Mind-blowing sex: animal instinct or careful practice?
Reconstructing the scene is easy, as it will forever remain burned in my memory:
It’s October 1997 and I’m a sophomore in college. The guys and I are sitting around my buddy’s dorm room playing cards, drinking and burning through bags of pretzels and Cheetos. Though we touch on sports, video games, music and of course, the philosophical and intellectual virtues of being invincible youths, the conversation revolves around the mystery that is “woman.”
Of course, we see no real mystery once our goal is attained. The “how” concerns us, but once we reach the Promised Land, we’re good to go; we all know what to do when the time comes. Then a group of girls passes the open door of the room and a particularly pretty brunette peers in. She catches my eye, offers a quick, alluring little smile and continues on her way. Strangely, that’s precisely the moment when a nameless fear begins to worm its way into my consciousness; the fear had always been there, I guess, but it was just now making itself known.
The horror was real: The “end game” was the biggest damn mystery of all and we refused to admit it.
Looking back now, I suppose all men think they’re Casanovas after their first few intimate exchanges with a woman. Sure, we’re a little nervous the first time, but once the deed is done, we’re suddenly experts. We could teach porn stars a thing or two. We could make any woman squirm and squeal, and the bottom line is we will never disappoint. As I’ve gotten older, though, two nasty little secrets have revealed themselves to be true:
- Men will not admit they need practice.
- Until a man disappoints, until that dire day comes when he realizes he isn’t really a sex machine, he just doesn’t get it.
I hope my male brethren will forgive me for spilling the secret I’m willing to bet most women already know. The pretty brunette who passed the door that one fall evening many moons ago probably knew. But…it’s extremely difficult to accept. It could be hardwired into every male brain, but I’ve had to keep reminding myself of the number one secret up there. Sometimes it feels like a constant battle, as if I’m always beating back the rising tides of, “you really are great at this!” Unsurprisingly, I face this after a positive sexual experience.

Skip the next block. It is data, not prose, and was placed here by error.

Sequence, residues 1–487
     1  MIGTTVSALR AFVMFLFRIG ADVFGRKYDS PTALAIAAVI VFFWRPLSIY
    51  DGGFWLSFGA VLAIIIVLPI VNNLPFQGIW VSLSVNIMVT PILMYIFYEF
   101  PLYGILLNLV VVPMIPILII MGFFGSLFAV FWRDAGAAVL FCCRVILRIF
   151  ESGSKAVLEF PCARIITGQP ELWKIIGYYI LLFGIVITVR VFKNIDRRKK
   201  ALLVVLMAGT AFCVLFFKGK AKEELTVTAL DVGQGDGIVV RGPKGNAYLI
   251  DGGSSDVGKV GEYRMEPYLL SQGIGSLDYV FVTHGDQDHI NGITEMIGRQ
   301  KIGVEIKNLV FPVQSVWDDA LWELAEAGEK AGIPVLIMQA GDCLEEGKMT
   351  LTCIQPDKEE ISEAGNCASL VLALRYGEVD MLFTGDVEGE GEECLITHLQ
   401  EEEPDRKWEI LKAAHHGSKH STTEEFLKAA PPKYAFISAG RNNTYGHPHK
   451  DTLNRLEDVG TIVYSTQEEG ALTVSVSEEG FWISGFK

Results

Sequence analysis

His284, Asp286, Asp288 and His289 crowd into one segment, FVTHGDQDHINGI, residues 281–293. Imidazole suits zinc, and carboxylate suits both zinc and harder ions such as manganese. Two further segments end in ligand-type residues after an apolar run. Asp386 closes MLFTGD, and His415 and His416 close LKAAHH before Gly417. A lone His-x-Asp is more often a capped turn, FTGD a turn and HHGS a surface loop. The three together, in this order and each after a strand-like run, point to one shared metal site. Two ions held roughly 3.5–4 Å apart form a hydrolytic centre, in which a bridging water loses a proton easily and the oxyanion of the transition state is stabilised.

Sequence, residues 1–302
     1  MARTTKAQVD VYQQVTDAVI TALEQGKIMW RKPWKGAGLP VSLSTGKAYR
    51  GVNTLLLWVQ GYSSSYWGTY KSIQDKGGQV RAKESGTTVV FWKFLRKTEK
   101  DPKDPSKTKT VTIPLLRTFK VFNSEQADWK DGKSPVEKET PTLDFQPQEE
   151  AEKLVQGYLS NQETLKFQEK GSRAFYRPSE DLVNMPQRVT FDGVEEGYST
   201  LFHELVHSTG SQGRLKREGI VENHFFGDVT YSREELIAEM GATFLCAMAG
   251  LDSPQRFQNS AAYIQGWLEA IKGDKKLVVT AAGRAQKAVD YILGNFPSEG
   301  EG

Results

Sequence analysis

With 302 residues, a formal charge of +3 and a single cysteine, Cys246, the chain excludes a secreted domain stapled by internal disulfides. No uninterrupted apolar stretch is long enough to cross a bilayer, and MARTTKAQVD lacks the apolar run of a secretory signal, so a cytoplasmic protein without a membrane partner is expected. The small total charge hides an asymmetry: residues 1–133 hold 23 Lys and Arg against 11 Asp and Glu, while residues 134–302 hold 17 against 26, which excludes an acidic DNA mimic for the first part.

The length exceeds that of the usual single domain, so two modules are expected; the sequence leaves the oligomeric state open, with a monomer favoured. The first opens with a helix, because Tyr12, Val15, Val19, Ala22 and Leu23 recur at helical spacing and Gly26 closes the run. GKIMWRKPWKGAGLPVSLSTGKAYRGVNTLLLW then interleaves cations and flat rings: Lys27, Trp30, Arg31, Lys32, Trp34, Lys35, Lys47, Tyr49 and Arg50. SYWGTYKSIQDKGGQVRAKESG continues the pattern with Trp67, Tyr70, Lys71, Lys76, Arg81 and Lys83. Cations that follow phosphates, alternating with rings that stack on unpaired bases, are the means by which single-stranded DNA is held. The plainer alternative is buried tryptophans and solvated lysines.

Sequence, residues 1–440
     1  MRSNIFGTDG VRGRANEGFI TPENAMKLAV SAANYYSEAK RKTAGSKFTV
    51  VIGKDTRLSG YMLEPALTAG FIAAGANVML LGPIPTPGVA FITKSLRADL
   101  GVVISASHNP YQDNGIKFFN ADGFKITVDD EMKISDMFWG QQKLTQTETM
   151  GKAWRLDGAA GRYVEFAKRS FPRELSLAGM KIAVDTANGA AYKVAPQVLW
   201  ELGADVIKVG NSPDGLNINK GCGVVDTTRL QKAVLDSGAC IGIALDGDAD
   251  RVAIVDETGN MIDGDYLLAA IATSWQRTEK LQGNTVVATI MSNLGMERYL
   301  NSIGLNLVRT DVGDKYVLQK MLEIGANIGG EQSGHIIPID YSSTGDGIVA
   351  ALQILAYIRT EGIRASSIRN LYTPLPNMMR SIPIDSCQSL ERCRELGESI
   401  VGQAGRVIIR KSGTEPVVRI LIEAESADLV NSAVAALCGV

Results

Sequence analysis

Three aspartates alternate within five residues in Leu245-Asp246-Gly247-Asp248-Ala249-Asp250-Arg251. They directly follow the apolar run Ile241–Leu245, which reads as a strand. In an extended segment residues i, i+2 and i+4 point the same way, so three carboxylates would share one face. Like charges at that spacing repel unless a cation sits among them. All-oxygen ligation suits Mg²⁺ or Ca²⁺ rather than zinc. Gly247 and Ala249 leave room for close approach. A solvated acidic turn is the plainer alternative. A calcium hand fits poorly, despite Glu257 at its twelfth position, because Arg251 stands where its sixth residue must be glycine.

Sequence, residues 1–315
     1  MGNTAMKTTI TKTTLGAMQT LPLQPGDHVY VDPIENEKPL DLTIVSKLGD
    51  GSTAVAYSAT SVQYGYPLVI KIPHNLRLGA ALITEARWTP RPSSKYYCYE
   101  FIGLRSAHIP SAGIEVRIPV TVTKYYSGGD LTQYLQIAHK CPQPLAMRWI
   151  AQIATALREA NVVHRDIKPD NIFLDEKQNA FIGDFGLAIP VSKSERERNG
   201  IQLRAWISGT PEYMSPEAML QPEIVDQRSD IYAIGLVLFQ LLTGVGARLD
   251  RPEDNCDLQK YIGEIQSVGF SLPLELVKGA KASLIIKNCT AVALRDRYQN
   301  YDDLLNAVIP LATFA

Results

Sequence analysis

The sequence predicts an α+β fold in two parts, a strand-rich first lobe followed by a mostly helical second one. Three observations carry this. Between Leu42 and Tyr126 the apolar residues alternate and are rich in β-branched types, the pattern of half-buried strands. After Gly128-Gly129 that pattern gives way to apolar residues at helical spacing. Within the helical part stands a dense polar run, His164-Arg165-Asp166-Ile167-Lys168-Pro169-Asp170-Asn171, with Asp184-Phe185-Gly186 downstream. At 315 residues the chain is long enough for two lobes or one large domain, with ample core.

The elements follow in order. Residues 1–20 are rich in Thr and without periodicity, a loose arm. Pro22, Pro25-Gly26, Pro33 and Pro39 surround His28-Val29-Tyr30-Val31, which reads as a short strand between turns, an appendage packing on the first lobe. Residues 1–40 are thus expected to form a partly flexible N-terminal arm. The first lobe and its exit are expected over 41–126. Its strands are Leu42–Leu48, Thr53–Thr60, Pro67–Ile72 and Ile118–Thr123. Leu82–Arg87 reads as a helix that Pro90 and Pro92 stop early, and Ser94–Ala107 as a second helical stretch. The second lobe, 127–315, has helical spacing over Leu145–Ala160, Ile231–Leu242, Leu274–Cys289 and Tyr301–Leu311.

It’s a great confidence-builder but even so, while I know I’ve satisfied, I also know I’ve disappointed (the latter admission is kinda like having a wisdom tooth yanked without Novocain, but it’s getting easier). It has also helped to run into men–and women–who have encountered similar issues; for example, there is a widespread belief that our inherent animal instincts play the biggest role and experience isn’t as critical.
Certainly, there is an instinctual element. I just think it’s dangerous to assume instinct is the deciding factor, and I’ve worked very hard to combat that assumption. I am also applying this Experience Counts–yes, capitalized–theory to both sexes, though again, I’m guessing women are a step ahead of us. They might actually obsess about performance more than men, though perhaps in a different way.
I have determined it’s a bad idea to keep this all bottled up. And it’d be a mistake to assume other men and women can’t relate; I’m guessing millions can relate. It’s why I like to go online every now and then and frequent various sites to find both peer and expert advice. GirlsAskGuys, an open, uncensored forum where the two sexes freely collaborate and clash, is a really cool place, for instance. And just based on the sheer number of questions concerning sex and relationships, one comes to the conclusion that a lot of people are confused. When I want the female perspective, I check places like Red Lipstick Project, though it sometimes feels like I’m doing something wrong, as if I’m peeking into the girl’s locker room after gym class.
That’s the point, is it not? Recognizing one’s limitations and embracing reality, as opposed to assuming, ignoring and posturing. It’s about education and logic, vulnerability and proactivity all at the same time. The fear I felt back in the dorm room? It’s still there. But now I’ve got the tools to wage a successful war and I’m making solid headway. The enemy may never surrender but that’s okay, ‘cuz I’ll never quit, either.
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